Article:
Notice the look on the Pope's face. He's intent. He faces the men on his left. He looks comfortably attentive. The only one who looks nervous is the fellow sitting across from him who appears to be a bodyguard probably wondering why the pope decided to eat in the employees' cafeteria. The Pope asked the men about their work and, of course, they talked about soccer.

It's a sad commentary about us when we think that the leader of 1.2 billion Catholics eating with workers is big news. Why should it shake things up when a pope eats with workers? After all, Jesus ate with prostitutes, tax collectors, and others lumped together as "sinners." How else does a leader find out what's really going on? If a leader doesn't know what's going on, how can she or he serve real needs? It won't happen.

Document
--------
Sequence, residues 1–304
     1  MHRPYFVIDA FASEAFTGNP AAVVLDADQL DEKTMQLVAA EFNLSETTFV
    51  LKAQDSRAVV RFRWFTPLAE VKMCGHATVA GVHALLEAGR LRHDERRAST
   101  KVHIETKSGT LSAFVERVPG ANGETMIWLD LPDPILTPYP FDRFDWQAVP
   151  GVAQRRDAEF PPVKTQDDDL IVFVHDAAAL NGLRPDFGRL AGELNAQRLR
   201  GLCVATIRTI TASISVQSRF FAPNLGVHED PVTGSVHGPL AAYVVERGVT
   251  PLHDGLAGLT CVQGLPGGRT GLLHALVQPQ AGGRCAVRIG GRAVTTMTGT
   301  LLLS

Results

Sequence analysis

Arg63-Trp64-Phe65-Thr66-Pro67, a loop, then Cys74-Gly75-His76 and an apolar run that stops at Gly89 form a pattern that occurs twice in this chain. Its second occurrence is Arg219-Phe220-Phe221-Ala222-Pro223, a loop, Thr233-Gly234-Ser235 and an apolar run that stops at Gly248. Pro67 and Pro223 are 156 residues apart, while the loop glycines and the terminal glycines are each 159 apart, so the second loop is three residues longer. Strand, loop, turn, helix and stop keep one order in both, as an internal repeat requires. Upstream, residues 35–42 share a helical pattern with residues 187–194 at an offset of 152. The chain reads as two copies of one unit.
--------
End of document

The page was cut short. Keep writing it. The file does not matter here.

When the average CEO of an American company makes 475 times as much as the average worker in her or his company, it is hard to imagine that average CEO sitting at a lunch table with the average worker. It's even harder imagining them listening attentively.

In his letter, Joy of the Gospel, Pope Francis says: "We need to practice the art of listening, which is more than simply hearing. Listening, in communication, is an openness of heart which makes possible that closeness without which genuine spiritual encounter cannot occur. Listening helps us to find the right gesture and word which shows that we are more than simply bystanders. Only through such respectful and compassionate listening can we enter on the paths of true growth and awaken a yearning for the Christian ideal: the desire to respond fully to God's love and to bring to fruition what he has sown in our lives." Amen to that.

I have made the biggest mistakes in my life because I didn't listen well enough. God help us all listen as Saint Francis says, "with the ear of our hearts."